A few years ago, I had the chance to go on a mission trip to a really remote village in Honduras. I was told that the villagers spoke no English, which wasn’t supposed to be a problem because we actually had a translator travel with us from the church. I could talk to the villagers fairly easily when he was around, and thus I could feel like I was fitting in.
The problem came when he wasn’t around.
There were times I would find myself alone with three or four villagers, mixing or pouring concrete for a floor, and I would try to get to know them a little bit more. The problem is that I speak drunken third grade Spanish on a good day. So it became more and more clear that I wasn’t “from round here”.
There is a discomfort that comes from being an outsider. If you don’t know what’s going on and no way to figure out what’s going on, it can be intimidating. Trying to acclimate is a daunting task when you don’t know what’s going on, or why.
There is a passage in scripture that implies that Christians are supposed to feel that way all the time.
Dear friends, since you are immigrants and strangers in the world, I urge that you avoid worldly desires that wage war against your lives. Live honorably among the unbelievers… – 1 Peter 2:11-12a
It’s easy for Christ followers to forget that we’re not home yet. We’ve gotten so comfortable in our living rooms, going to our church services, and all of the other trappings that come from our culture, that we forget we’re not really from here.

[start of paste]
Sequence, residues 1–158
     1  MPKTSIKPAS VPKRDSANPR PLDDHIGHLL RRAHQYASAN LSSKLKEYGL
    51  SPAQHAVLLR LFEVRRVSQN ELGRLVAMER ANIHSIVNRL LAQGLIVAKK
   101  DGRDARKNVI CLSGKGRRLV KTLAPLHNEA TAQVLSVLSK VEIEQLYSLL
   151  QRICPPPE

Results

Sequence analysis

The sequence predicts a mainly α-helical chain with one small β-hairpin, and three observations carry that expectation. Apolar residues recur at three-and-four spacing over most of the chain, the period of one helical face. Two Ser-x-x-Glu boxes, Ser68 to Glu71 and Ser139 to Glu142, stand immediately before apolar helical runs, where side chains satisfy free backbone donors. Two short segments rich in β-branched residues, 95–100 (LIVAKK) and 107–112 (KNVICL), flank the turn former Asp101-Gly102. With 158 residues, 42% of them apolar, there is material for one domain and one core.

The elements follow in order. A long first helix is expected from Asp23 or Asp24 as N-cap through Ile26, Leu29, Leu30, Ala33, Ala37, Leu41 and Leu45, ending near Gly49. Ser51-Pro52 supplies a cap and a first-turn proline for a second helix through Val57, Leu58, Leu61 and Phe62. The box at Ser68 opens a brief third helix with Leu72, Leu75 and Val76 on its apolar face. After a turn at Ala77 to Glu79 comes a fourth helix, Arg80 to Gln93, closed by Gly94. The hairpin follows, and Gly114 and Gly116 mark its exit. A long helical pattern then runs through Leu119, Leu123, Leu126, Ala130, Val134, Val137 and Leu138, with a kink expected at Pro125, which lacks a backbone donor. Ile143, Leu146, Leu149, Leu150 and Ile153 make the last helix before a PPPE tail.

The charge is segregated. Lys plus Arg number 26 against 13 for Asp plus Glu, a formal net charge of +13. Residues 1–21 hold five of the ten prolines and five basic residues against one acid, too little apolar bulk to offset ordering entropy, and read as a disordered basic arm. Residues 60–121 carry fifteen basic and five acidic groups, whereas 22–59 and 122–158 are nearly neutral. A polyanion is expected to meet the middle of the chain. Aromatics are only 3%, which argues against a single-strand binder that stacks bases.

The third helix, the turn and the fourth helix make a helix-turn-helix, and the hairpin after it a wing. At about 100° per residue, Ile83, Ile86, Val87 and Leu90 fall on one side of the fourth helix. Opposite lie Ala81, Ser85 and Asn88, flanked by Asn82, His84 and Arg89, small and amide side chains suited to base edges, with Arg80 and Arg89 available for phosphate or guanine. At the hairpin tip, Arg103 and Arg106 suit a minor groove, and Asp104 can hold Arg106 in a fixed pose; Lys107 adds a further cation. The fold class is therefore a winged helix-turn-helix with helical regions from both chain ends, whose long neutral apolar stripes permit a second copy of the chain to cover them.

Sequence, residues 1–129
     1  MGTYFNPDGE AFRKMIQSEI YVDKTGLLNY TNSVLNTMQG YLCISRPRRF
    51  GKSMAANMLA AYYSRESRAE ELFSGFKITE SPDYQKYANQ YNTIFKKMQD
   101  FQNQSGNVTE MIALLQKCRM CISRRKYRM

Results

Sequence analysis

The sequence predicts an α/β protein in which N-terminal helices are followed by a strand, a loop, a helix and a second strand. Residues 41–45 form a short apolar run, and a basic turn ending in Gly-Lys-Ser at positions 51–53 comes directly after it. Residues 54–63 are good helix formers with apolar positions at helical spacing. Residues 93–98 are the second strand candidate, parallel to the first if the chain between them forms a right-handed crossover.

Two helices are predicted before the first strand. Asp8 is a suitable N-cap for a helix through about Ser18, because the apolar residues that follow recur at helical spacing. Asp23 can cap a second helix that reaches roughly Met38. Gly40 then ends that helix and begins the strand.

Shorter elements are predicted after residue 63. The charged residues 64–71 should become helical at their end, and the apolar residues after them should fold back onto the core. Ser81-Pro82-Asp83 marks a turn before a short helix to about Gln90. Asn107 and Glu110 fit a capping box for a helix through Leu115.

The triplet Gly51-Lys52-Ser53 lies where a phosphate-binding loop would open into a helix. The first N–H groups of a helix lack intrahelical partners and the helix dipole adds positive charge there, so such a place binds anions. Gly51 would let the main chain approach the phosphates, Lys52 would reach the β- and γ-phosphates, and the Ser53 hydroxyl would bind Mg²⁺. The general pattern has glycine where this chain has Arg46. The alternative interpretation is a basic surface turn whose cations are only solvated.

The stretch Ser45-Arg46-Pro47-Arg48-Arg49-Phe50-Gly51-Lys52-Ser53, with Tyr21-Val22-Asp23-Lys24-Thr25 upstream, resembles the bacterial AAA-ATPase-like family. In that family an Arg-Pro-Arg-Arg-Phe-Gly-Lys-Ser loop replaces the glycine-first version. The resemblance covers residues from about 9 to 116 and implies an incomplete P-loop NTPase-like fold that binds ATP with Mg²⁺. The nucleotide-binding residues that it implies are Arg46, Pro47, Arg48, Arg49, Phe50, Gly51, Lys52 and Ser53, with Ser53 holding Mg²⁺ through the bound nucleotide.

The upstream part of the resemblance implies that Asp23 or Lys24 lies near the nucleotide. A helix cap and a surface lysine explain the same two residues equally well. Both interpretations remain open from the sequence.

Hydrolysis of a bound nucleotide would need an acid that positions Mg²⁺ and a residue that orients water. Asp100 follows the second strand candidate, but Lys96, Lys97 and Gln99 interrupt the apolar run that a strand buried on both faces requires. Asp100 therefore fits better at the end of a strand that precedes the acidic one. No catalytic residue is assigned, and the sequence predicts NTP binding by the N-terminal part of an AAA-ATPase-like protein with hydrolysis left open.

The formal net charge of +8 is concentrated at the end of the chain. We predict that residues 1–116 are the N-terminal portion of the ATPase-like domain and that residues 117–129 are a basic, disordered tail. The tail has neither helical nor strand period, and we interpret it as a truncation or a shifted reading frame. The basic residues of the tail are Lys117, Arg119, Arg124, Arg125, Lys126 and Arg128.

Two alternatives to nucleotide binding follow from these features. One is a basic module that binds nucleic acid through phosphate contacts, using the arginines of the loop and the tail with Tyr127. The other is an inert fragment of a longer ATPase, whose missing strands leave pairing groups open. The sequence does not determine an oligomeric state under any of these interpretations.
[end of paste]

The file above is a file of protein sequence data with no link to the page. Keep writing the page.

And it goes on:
Christ followers are exiles, a people without a home. Sure, we have houses that we live in, but we’re not “home”. That place where we get to be fully ourselves. The place where we are truly free. The place where we are our most “us”.
No matter how nice your community is, it is not the full presence of God. Whether you’ve traveled the world and seen it all, or if you’ve never left your little village, you’ve never fully encountered ‘home’ as a Christ follower.
I think, in many ways, we Christ followers have forgotten that. We have tried to create a Christian culture around us, in order to feel at home. So we try to create a Christian ‘home’ around us by displaying the 10 commandments or saying prayers in school right after the pledge of allegiance. Placing these elements as cultural touchstones, however, doesn’t make us a Christian nation/state/country/city/etc. It just helps us feel like we are.
We as Christ followers, are pilgrims just passing through. We’re exiles wandering back where we came from. This world, the town you live in, is not your home.
It’s just where you’re passing through for now.
Christ followers need to remember that we ain’t from round here.